Other issues remain surrounding lifecycle support and control of upgrades. This was certainly the case for iOS7, in that many apps and services became non-compliant with the upgrade. Many firms found that their applications were not ready and had to rely on requesting that employees not upgrade their OS. The lack of control over the timing of upgrades, as well as lifecycle support will remain stumbling blocks for enterprises that are looking to deploy Apple devices as part of their line-of-business mobility strategy.

No longer afraid to use the “e” word

Even though Apple’s priorities remain with consumers, the company is definitely maneuvering into a more explicit relationship with enterprise. By timing its announcements to align with last week’s Mobile World Congress, Apple is definitely presenting a considerable challenge to the competition on the enterprise front. So far, Apple has been able to maintain a considerable market share in this arena primarily through its consumer appeal alone; now that the firm is actively taking enterprise into consideration in product development strategy, Android competitors like Samsung are going to have their work cut out for them to increase their foothold. Meanwhile, Microsoft and BlackBerry are going to have to work all the harder to maintain market share. 


Unpacking Samsung’s MWC – Enterprise Implications

VDC met with Samsung at Mobile World Congress this week in Barcelona to discuss the company’s take on enterprise mobility as it announced the launch of the much-anticipated Galaxy S5. The smartphone, with its IP-67 rating for dust and water resistance is the second in Samsung’s lineup for a more ruggedized consumer device after the S4 Active. The latest product in the Galaxy family is leading the trend towards more durable, enterprise-oriented smartphones that continue to blur the line between consumer and enterprise devices that will only turn up the heat further on ruggedized OEMs, who are facing increased competition from their consumer-grade counterparts. In addition to a more ruggedized build, the S5 boats other enterprise-friendly security features such as two-factor authentication that incorporates both password and biometric verification, and the inclusion of its KNOX mobile security solution.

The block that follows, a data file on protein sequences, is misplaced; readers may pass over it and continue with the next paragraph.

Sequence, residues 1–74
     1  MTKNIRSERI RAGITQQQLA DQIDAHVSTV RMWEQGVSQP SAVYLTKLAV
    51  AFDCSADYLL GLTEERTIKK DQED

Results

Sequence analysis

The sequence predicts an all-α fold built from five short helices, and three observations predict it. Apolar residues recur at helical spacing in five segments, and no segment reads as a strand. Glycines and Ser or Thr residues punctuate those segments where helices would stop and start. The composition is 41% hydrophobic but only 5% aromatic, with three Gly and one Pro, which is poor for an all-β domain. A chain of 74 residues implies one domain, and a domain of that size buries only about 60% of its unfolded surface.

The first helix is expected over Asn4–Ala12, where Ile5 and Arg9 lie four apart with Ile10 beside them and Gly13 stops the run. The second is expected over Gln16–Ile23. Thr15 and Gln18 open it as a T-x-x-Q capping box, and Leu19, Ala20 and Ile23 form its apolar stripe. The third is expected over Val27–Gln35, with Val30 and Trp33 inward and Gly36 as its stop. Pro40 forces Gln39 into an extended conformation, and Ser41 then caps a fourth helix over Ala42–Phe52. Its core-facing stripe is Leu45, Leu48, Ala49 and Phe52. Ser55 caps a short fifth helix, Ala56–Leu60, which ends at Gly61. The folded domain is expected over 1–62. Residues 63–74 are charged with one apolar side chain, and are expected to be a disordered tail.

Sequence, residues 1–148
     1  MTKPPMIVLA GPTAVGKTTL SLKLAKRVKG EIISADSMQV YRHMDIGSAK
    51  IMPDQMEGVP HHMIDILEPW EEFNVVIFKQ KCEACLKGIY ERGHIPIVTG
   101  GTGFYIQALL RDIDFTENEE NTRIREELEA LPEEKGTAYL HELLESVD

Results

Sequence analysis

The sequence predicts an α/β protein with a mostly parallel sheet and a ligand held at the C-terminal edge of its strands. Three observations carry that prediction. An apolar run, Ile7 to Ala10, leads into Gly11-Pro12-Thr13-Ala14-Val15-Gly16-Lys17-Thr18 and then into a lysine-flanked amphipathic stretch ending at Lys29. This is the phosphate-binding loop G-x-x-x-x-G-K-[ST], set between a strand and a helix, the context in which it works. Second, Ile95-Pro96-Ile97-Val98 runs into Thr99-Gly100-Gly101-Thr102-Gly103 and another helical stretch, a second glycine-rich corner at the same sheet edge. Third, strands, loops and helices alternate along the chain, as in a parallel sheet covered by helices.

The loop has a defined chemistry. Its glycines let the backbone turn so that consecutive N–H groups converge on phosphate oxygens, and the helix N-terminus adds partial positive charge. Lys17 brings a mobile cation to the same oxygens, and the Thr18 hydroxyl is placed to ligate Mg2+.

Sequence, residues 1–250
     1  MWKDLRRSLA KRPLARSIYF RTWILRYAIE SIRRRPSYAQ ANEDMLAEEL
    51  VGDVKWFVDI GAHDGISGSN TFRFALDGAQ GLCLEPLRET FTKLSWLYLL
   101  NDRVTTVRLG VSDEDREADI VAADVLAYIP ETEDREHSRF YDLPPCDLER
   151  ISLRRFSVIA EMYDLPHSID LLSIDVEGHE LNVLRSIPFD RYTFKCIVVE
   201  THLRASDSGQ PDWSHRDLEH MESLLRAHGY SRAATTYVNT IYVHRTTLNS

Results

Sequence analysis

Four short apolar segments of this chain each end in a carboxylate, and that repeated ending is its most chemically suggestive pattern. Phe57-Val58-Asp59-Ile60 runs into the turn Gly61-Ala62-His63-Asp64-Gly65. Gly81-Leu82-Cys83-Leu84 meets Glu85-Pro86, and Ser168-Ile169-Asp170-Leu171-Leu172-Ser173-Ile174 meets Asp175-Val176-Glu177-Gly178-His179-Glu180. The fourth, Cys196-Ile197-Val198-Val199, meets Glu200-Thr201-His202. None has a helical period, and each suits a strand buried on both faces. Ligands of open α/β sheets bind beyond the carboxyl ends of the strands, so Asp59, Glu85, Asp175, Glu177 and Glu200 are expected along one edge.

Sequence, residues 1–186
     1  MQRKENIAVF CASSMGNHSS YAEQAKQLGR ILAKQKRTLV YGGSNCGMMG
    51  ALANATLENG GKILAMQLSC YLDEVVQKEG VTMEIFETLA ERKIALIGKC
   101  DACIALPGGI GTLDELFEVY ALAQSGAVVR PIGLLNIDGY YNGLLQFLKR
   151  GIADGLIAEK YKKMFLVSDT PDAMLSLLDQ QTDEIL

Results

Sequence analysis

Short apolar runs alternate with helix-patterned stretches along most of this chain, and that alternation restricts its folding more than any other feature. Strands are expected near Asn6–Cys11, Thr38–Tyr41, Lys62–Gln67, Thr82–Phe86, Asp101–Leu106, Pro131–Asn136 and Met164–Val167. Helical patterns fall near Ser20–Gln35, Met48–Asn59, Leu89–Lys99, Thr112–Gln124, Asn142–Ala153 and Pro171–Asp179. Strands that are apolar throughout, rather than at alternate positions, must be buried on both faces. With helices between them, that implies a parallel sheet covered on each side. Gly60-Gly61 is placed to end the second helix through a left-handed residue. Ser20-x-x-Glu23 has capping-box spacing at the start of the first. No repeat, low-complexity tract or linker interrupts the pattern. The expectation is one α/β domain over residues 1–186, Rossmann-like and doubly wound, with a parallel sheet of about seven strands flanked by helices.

Refining mobile device management with KNOX 2.0

Although KNOX was originally announced at last year’s Mobile World Congress and launched in October of last year, Samsung has brought the security solution back into the headlines with the software’s second iteration as KNOX 2.0, which boasts a compliment of features like cloud-based enterprise mobility management (EMM) targeted at SMBs, a dedicated Knox Marketplace for enterprise applications, and support for third-party containers, such as Good Technology, MobileIron and Fixmo. While the newest version of the solution does not require applications to be wrapped (due to kernel enhancements) in order to work with KNOX, we wonder whether apps will need to be modified in order to work, and whether this could pose a potential problem for Samsung down the road.

As of yet, the activation rate remains modest, with 1 million user activations to date out of the 25 million devices that feature KNOX capabilities on the market today, although the manufacturer revealed to the media that it now see a monthly activation rate 210,000 devices. KNOX 2.0 firmly underscores Samsung’s belief in the solution’s potential in an enterprise setting, as the firm currently has 2,000 engineers working on KNOX and has partnered with 42 carriers globally to provide the solution.